Many epithelial tissues contain a luminal space. Paucity of lumen formation results in abnormal organ development, whereas uncontrolled expansion of luminal space is observed in polycystic diseases. Thus it is important to regulate the size of lumen. However, in contrast to the initiation of lumen formation, molecular mechanisms regulating the size of lumen remain largely unknown. In this study, we compared neonatal cholangiocytes with hepatoblasts by microarray and identified genes specifically up-regulated in cholangiocytes. Among those genes, we found that a transcription factor, Grhl2, expands the apical luminal space of cysts derived from liver progenitor cells through up-regulation of Cldn3, Cldn4, and Rab25. Because Cldn3 and Cldn4, whose localization at TJs is regulated by Rab25, induce the maturation of TJs, our results linked the establishment of epithelial junctional complexes with the promotion of morphogenesis, in particular, lumen formation.
Grhl2 is a member of the grainyhead transcription factor family, mammalian homologues of Drosophila
grainyhead. The mammalian grainyhead family consists of three members—Grhl1, 2, and 3. It has been demonstrated that Grhl1 regulates hair anchorage and epidermal differentiation (Wilanowski et al., 2008
), whereas Grhl3 regulates skin permeability by modulating the barrier function of epidermis, urothelial differentiation, and dorsal closure of the neural tube (Yu et al., 2008
). Recently Grhl2 was shown to be a key transcription factor completing neural tube closure (Pyrgaki et al., 2011
; Werth et al., 2010
) and modulating the nature of cell–cell contacts by promoting the formation of the apical junctional complex (Werth et al., 2010
). On the other hand, since mice lacking Grhl2 die around E13.5 before the development of most epithelial organs, including the liver, the roles of Grhl2 in epithelial morphogenesis remain unknown. Our data indicating that Grhl2 enhances epithelial barrier function and morphogenesis of liver progenitor cells in vitro show the possibility that Grhl2 regulates structural and functional differentiation of epithelial tissues.
TJs contain Cldns, as well as occludin and junctional adhesion molecules. Among those TJ proteins, Cldns regulate the paracellular transport of small substances (Tsukita and Furuse, 2002
). Our results indicate that Grhl2 regulates barrier function of bile ducts by up-regulating Cldn3 and 4. Ectopic expression of Cldn3 resulted in the localization of Cldn3 at TJs and the modest expansion of the central lumen. On the other hand, the introduction of Cldn4 alone did not affect the size of lumens, probably because most of Cldn4 was localized at the basolateral domain (). Although it was previously reported that ectopic expression of Cldn4 resulted in its localization at TJs and increased epithelial barrier, epithelial progenitors such as HPPL might lack a transport system required for the proper localization of Cldn4. Our results show that the Grhl2-Rab25 axis plays a key role in barrier function by localizing Cldn4 at TJs.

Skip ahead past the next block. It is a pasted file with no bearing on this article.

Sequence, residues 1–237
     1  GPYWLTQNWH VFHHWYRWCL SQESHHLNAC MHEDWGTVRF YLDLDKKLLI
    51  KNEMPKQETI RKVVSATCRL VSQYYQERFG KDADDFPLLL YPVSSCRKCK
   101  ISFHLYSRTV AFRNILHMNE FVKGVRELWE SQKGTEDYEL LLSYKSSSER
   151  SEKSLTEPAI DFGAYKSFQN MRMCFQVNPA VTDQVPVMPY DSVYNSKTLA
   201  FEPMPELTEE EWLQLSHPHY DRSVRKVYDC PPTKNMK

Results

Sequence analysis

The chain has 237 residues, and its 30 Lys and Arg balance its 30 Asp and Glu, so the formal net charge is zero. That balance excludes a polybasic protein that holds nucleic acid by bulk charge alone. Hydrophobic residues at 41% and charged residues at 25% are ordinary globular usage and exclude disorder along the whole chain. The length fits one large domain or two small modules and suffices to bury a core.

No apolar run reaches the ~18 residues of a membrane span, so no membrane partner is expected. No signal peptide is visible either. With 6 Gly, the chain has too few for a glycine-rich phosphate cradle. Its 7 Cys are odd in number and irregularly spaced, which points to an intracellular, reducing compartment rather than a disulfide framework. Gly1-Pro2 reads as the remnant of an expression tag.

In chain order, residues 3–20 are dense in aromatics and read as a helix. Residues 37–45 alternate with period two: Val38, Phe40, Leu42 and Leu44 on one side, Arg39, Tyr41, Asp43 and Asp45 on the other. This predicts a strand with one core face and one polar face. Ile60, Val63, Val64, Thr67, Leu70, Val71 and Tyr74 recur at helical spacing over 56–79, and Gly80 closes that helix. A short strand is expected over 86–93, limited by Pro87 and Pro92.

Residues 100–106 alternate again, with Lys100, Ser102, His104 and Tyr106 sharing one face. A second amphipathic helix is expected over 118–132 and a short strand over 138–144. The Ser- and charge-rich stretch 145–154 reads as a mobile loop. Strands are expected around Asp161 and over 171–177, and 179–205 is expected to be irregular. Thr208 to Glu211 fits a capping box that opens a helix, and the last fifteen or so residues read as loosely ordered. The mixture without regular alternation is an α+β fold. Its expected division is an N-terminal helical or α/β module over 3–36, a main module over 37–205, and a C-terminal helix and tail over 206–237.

Rab25 is a member of the Rab11 subfamily consisting of Rab11a, 11b, and 25. Rab11a and Rab25 are implicated in recycling of apical proteins (Casanova et al., 1999
). Rab25 is known to be relatively abundant in gastrointestinal tissues (Goldenring et al., 1993
). Recently it was reported that Rab11a and 25 are involved in the formation of apical lumens (Bryant et al., 2010
). Because HPPL can form small cysts without Rab25 in 3D culture, it may be dispensable for HPPL to form the apical lumen in our system. On the other hand, Rab25 contributes to the formation of mature epithelial structures by localizing Cldn4 at TJs. Given that Rab25-knockout mice did not show any defects in liver (Nam et al., 2010
), Rab11a and Rab25 may have a redundant function in the bile duct development. However, it might be worth examining whether bile ducts without Rab25 are more susceptible to any type of liver injury.
It remains unclear how the Grhl2-Rab25 axis up-regulates Cldn4 and promotes its localization at TJs. Given that Rab25 has been implicated in recycling of apical proteins, it may promote the transport of internalized Cldn4 protein back to TJs, leading to prevention of the traffic of Cldn4 to lysosomes for degradation. Furthermore, a recent article demonstrated that Rab25 but not Rab11a regulates the transcytosis of FcRn from the basolateral to the apical and vice versa (Tzaban et al., 2009
). Given that most of Cldn4 is localized at the basolateral domain, Rab25 might be involved in trafficking Cldn4 from the basolateral domain to TJs by transcytosis, possibly through indirect interactions between Rab25 and Cldn4 (Supplemental Figure S8).
We summarize a molecular network governed by Grhl2 in . Grhl2 enhances epithelial barrier by up-regulating Cldn3 and Cldn4, which leads to lumen expansion. In addition, Grhl2 enhances lumen expansion by up-regulating Rab25, which up-regulates Cldn4 protein and also regulates its localization at TJs. Strong barrier function is probably a physiological requirement for bile duct tubules to prevent any leakage of cytotoxic bile into the liver parenchyma. In fact, it was recently shown in zebrafish that Cldn15 and Cldn15-like b were necessary for normal formation of intestine (Bagnat et al., 2007
) and bile ducts (Cheung et al., 2011
), respectively. Our results reveal a novel mechanism regulating the process by which epithelial cells acquire mature epithelial structures necessary for their physiological functions.
FIGURE 8: A molecular network governed by Grhl2 regulates the lumen size by modulating epithelial barrier function. Our results indicate that Grhl2 transcriptionally regulates Cldn3 and Cldn4, as well as Rab25, for enhancing epithelial morphogenesis, in particular, (more ...)